Hello and welcome to the Great Film Experiment. In the interest of time, allow me to skip the formalities and jump straight to the “question and answer” portion of this post:

Q: What exactly is the “Great Film Experiment?”
A: In the Great Film Experiment, I will watch the films of four of Hollywood’s preeminent creative minds — Woody Allen, Mike Nichols, Albert Brooks, and Hal Ashby. All of the films will be watched in the order that they were released.

Q: But why them? Why not go with Orson Welles or Francis Ford Coppola or Robert Altman?
A: The point here is not just to watch classic films. The idea is to watch films that resonate with a certain audience.

Q: That makes no sense.
A: …And that wasn’t a question.

Q: Fine, I’ll rephrase then. Could you please explain further?
A: Of course. Every generation (or two) has a form of entertainment that speaks directly to them. This form of entertainment uses their language, their sensibilities, and their overall outlook on life to tell a story that is relevant to their lives. It also tends to deal with these issues in a way that might make the previous generation shake their heads in confusion. Who cares if the “old folks” don’t “get it.” It’s not made for them.

The first major filmmaker to do this for my generation (X/Y) was John Hughes. I was five when Ferris Bueller’s Day Off came out, but it doesn’t matter. That film speaks to the “Y” portion of the generational mish-mash just as much as it speaks to the “X.” I, like many people my age, can still repeat whole lines from that film. My mother, on the other hand, just doesn’t understand the appeal. “That movie isn’t funny in the least,” I remember her telling me once. “It’s almost as bad as Indiana Jones and the Temple of Doom and True Shi — I mean True Grit.” As the years went on, the “Gen X/Y” sub-genre began to grow. What was once a home for just John Hughes now contained the likes of Danny Boyle, Kevin Smith, Judd Apatow, and Seth Rogen. Like Hughes, these four creative minds (and others) tend to make films that speak to the current generation. They also make films that I would not show to my parents under any circumstances. (Come on … They don’t “get” Ferris Bueller. Things like Trainspotting or Chasing Amy would make their heads explode.)

Still, there is an inherent phenomenon attached to “generational entertainment:” Some of the initial appeal is lost over time. Take classical composer Franz Liszt for example. For those unaware, he was to 1830′s musical elite what Marylin Manson was when I was in high school. He took major liberties with the tempo of the music in question, would improvise whenever the mood struck him (even when playing Beethoven), and actually showed emotion while playing. The press hated it, but the audiences, especially women, couldn’t get enough. This phenomenon was even given a name — Lisztomania. We, on the other hand, know not of the screaming women, tempo fluctuations, and pointed concert reviews. To many of us, Franz Liszt is simply just another composer whose music fills the void between NPR newscasts and the latest edition of Ask Dr. Science on public radio. When most people hear the term “Lisztomania,” they either think of that dreadful Roger Daltrey/Ken Russell film from the 1970′s or of the delightful pop song by French rock band Phoenix. In short, Liszt is just another great composer to us. Nothing more, nothing less.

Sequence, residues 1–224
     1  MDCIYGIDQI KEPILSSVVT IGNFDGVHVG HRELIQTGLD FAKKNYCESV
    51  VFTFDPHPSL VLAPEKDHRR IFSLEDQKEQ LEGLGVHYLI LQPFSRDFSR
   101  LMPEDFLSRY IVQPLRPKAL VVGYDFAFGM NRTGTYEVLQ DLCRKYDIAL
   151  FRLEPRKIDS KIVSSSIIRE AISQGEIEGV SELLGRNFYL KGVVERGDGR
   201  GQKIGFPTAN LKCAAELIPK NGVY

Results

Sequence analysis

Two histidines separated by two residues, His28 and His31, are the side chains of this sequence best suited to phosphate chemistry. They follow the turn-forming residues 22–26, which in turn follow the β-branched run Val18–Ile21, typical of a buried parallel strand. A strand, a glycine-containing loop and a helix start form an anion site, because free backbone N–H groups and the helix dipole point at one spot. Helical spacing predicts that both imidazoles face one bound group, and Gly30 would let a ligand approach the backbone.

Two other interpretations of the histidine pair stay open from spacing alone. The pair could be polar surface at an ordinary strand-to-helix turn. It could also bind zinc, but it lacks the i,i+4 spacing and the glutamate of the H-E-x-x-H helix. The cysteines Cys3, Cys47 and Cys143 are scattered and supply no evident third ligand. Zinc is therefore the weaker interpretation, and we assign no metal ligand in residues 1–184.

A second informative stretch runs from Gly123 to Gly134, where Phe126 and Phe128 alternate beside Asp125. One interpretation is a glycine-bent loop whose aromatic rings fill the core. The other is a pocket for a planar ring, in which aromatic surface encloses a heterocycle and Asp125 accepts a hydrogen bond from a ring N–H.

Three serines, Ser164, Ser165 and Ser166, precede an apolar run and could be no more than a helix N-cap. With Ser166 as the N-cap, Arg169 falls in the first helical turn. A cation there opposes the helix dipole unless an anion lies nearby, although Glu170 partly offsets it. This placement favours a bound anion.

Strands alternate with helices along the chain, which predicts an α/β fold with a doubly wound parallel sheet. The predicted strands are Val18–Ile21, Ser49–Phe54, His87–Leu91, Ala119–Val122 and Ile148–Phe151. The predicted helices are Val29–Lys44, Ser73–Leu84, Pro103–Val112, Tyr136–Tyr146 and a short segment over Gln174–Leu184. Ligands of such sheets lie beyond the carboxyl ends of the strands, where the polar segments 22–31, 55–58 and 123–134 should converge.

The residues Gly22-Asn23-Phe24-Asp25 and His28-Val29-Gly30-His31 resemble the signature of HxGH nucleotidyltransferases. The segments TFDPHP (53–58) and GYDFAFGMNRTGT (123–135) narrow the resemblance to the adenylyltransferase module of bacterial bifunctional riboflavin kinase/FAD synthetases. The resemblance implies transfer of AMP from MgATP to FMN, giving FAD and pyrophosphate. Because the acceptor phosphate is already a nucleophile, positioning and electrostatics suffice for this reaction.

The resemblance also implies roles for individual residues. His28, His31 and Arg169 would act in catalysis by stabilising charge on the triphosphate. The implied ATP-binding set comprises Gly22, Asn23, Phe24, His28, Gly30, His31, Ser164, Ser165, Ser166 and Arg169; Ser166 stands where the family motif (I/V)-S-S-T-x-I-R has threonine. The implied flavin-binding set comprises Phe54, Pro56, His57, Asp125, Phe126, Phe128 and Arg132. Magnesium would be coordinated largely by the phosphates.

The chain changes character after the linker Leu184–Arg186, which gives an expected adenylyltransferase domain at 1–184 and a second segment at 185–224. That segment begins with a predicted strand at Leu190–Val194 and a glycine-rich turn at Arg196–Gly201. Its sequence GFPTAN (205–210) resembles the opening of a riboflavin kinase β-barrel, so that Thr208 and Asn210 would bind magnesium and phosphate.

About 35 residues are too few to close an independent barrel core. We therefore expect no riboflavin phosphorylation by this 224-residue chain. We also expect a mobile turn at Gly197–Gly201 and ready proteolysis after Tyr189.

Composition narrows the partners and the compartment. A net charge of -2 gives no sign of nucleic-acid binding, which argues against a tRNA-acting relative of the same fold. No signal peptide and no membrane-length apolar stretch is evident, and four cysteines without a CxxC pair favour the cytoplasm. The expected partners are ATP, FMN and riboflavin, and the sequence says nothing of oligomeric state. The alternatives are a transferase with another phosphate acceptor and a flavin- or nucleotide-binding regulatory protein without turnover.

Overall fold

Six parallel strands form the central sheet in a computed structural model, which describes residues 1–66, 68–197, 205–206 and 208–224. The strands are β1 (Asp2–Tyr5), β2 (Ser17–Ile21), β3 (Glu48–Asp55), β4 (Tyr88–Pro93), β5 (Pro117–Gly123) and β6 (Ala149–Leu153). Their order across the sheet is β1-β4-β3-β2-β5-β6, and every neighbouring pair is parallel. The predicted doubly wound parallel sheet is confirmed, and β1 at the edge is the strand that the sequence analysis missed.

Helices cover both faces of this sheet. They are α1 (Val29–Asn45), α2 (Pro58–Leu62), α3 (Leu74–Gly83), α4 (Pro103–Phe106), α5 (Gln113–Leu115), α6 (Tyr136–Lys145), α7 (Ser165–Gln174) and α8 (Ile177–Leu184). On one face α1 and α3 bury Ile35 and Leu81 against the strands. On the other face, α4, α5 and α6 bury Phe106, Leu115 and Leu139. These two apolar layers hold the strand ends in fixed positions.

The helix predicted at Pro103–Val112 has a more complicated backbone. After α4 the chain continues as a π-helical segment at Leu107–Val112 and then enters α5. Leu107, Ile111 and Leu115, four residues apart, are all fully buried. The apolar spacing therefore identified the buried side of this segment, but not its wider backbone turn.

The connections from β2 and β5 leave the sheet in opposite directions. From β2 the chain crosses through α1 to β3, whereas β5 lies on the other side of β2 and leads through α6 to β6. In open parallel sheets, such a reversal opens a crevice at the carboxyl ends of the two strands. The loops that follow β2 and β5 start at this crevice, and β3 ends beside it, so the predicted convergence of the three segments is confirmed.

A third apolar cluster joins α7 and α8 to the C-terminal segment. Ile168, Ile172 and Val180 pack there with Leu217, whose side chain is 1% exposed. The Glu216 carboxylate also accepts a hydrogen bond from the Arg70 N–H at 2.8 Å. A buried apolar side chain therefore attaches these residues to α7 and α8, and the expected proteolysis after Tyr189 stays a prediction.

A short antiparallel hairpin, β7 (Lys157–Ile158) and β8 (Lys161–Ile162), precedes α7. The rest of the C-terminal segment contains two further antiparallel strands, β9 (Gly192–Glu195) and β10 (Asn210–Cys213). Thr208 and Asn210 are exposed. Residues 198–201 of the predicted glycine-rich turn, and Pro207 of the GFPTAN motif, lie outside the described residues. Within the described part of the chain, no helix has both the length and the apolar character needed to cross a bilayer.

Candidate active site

Now don’t get me wrong here. I’m not saying that we are horrible people or are somehow brain dead morons just because we don’t appreciate the finer points of Lisztomania. It’s not that we won’t; it’s that we can’t. Liszt’s performances and overall sense of style was tailored to that particular generation of people. As that generation aged and new ideas began to rear their heads, the impact made by Liszt became less and less. The same thing goes with films. As much as I don’t want to admit it, my grandchildren will not understand Mallrats on the same level that my generation does. Yes, the themes presented within the movie are universal, but the wrapping surrounding those themes will be completely foreign. Another example is the Paddy Chayefsky classic Marty. Even to this day, most of us can identify with the plight of “nice guy everyman” Marty Piletti. But the specific set of problems that Marty is faced with throughout the film — his mother’s insecurities, the constant fear of losing his butcher shop to one of those new-fangled “A&P supermarkets,” the fact he has basically “given up” on love even though he’s only 34– are completely outdated. It’s still a damn fine movie, but unless you’re an Italian-American butcher from the Bronx that lives with his mother, I seriously doubt that anyone can completely identify with protagonist.

All of that said, the immediate impact of “generational entertainment” doesn’t disappear overnight. The next generation can still enjoy that entertainment almost to the level of the previous generation. Sure, not everything is going to make perfect sense, but there is still enough there in order to make a profound impact. My mother can watch Marty without the anachronisms detracting from the main story. The same thing goes with me and the directors listed above. Some of the most influential films of my parent’s generation — The Graduate, Annie Hall, Broadcast News, Harold and Maude – are on my proverbial “play list.” So how will these “world changing” films affect me? We are about to find out.

Q: Oh … You’re a “film guy,” aren’t you?
A: Nope. Not even close. I’m a writer to be sure, but I barely know anything about “film theory.” I just want to be entertained.

Q: Are you going to watch all of the DVD features and the like?
A: Heaven’s no. While I will do a little research to fill people in on the film’s back story, I won’t go crazy. I’m watching these movies for the movies, not for the behind-the-scenes details. Besides, I don’t have that kind of time.


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